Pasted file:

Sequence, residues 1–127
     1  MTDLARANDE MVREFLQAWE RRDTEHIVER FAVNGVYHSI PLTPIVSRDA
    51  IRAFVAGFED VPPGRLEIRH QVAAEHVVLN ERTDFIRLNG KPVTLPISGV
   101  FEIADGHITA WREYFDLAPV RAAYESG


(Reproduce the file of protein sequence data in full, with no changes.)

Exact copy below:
Sequence, residues 1–127
     1  MTDLARANDE MVREFLQAWE RRDTEHIVER FAVNGVYHSI PLTPIVSRDA
    51  IRAFVAGFED VPPGRLEIRH QVAAEHVVLN ERTDFIRLNG KPVTLPISGV
   101  FEIADGHITA WREYFDLAPV RAAYESG